Jan. 26 (Bloomberg) -- The European Union took a prominent Iranian anti-government group off its list of terrorist organizations, sowing tensions with Iran’s theocratic leadership.
In a move that may complicate efforts to persuade Iran to halt its nuclear program, EU foreign ministers today let the People’s Mujahedeen of Iran operate freely throughout the 27- nation bloc, ending restrictions imposed in 2002.
After ignoring pleas from the Iranian government, EU ministers explained the decision as a response to rulings by the European supreme court, not a politically motivated effort to foment resistance inside Iran.
“What we are doing today is abiding by the interpretations of the European court,” EU foreign policy chief Javier Solana told reporters in Brussels. “There’s nothing we can do about this.”
Iran yesterday warned Europe against worsening relations by making a “conscious political decision” to ease curbs on the exile group. The government had no immediate reaction to the EU announcement today.
EU-Iran tensions come as President Barack Obama considers restoring U.S. ties with Iran, a country cold-shouldered by successive American governments since the 1979 Islamic revolution.
EU leaders have taken a twin-track approach to Iran, offering closer economic ties while pursuing United Nations sanctions against its nuclear program.
Europe has made “a very clear offer of economic, civilian and scientific cooperation, including civil nuclear cooperation, but that is only possible if the doubts and concerns about the nuclear weapons program of the Republic of Iran are taken care of,” U.K. Foreign Secretary David Miliband said.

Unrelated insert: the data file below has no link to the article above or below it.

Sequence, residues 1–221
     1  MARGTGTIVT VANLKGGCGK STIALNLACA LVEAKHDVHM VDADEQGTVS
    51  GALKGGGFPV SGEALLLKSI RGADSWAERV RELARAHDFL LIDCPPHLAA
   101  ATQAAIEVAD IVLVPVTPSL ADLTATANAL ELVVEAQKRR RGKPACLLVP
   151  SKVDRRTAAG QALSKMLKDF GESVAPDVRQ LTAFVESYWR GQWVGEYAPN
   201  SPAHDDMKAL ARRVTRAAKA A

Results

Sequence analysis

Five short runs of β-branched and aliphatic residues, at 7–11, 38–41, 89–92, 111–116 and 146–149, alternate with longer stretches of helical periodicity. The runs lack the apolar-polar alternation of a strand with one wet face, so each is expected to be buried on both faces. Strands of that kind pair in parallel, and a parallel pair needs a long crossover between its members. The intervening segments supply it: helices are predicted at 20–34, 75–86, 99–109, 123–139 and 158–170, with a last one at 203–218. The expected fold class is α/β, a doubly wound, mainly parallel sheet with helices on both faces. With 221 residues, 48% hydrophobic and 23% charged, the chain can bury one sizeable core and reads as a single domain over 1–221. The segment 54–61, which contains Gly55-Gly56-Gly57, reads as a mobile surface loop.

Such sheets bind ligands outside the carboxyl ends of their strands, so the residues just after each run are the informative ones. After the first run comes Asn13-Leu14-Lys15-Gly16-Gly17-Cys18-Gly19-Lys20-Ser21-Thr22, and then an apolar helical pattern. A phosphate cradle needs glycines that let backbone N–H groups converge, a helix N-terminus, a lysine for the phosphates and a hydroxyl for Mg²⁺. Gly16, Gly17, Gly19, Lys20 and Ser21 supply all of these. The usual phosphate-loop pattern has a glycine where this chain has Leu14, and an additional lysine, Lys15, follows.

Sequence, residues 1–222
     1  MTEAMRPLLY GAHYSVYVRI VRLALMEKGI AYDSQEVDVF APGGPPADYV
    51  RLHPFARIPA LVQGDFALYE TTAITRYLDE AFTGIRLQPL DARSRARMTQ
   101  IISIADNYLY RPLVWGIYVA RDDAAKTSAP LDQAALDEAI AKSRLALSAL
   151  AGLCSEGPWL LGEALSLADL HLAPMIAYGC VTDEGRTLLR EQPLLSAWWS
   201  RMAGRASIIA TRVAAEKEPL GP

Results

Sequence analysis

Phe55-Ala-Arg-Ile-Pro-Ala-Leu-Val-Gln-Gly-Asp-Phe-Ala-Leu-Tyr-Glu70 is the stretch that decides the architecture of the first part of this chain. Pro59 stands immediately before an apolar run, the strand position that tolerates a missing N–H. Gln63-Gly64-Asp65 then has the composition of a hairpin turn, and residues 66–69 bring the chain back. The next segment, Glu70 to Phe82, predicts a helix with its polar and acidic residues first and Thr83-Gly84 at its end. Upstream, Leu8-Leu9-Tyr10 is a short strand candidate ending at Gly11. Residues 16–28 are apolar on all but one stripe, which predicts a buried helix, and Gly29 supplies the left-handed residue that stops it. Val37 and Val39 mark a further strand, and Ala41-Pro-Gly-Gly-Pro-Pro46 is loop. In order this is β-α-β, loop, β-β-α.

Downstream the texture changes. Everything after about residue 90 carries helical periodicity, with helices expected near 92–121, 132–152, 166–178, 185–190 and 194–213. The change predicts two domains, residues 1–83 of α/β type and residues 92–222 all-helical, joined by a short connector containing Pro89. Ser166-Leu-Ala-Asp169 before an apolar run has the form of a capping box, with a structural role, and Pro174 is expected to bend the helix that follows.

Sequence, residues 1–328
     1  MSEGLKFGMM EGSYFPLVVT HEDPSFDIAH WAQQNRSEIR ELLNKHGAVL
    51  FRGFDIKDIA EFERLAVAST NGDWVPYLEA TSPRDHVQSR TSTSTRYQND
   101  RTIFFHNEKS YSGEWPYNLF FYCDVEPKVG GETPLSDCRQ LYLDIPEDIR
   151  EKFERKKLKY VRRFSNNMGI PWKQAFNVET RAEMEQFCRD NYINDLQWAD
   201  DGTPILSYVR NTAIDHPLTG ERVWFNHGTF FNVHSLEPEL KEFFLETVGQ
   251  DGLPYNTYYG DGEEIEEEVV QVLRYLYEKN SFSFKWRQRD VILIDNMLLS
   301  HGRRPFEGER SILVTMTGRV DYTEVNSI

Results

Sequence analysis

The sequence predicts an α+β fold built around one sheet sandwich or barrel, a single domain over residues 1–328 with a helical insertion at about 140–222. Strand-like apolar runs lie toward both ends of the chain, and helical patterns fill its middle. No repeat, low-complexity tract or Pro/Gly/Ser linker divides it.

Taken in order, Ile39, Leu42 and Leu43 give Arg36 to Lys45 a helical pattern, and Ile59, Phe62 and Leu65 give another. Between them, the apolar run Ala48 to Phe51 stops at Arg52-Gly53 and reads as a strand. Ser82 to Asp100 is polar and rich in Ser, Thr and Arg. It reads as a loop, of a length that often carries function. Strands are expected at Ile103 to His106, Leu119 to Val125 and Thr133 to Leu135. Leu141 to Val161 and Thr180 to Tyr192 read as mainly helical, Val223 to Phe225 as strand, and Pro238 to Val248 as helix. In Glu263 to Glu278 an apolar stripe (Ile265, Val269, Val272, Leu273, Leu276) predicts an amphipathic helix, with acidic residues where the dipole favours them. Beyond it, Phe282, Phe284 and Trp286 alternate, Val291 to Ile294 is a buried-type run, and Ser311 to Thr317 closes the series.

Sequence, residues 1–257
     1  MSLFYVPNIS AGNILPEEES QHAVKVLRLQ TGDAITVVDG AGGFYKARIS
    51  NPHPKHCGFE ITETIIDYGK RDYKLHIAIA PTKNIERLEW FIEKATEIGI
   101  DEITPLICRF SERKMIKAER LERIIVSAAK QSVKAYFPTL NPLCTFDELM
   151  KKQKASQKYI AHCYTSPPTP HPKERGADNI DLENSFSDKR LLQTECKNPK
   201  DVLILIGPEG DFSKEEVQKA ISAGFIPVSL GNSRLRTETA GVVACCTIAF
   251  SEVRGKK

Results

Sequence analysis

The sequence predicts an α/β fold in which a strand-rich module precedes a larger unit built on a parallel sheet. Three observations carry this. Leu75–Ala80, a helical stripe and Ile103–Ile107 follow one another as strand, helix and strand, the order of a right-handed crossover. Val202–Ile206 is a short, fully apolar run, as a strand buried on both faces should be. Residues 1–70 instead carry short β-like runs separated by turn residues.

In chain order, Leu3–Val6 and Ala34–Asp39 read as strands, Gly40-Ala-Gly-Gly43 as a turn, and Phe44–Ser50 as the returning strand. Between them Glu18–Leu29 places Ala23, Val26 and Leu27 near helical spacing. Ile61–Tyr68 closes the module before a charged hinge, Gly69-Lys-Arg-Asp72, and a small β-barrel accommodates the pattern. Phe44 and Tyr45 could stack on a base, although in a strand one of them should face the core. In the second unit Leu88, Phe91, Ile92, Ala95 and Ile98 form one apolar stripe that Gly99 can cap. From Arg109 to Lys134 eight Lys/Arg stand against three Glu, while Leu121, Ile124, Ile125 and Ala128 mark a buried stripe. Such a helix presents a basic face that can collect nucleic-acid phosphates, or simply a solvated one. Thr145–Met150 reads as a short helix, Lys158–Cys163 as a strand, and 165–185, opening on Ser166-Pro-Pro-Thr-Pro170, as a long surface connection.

The People’s Mujahedeen, formed in 1965 to resist the shah, says the EU banned it as a concession to the Iranian government, at a time when the EU and U.S. are trying to dissuade Iran from pursuing nuclear weapons.
People’s Mujahedeen officials first called international attention to Iran’s uranium enrichment program in 2002. The group says the clerical regime in Tehran has executed 120,000 of its members in the past three decades.
Appeal to U.S.
The U.S. also rates the People’s Mujahedeen as a terrorist entity. The group says it renounced military activity in June 2001, a year before the French and British governments persuaded the EU to blacklist it and freeze its assets.
The People’s Mujahedeen is part of the National Council of Resistance of Iran, an umbrella organization that styles itself as an Iranian parliament-in-exile.
Today’s EU move makes the group’s blacklisting by the U.S. “more unjustified than ever,” Maryam Rajavi, head of the resistance council, said in an e-mailed statement. She hailed the end of “Europe’s policy of appeasement.”
The EU’s deliberations coincide with Obama’s planned overhaul of U.S. strategy toward Iran. While backing the Bush administration’s aims of preventing Iran from building nuclear weapons, Obama has promised a different approach, relying more on diplomacy.
With an eye to countries like Iran now in U.S. disfavor, Obama said in his inaugural address on Jan. 20 that his government would “extend a hand” to any foe willing to “unclench your fist.”
From 2006 to 2008 the European supreme court ordered EU governments three times to take the People’s Mujahedeen off the proscribed list. In a December ruling, the court called EU delaying tactics “manifestly inadmissible.”
The court issued its rulings on procedural grounds, saying EU governments failed to give the group the opportunity to defend itself. France last week appealed the latest court ruling, while bowing to today’s decision to strike the group from the list.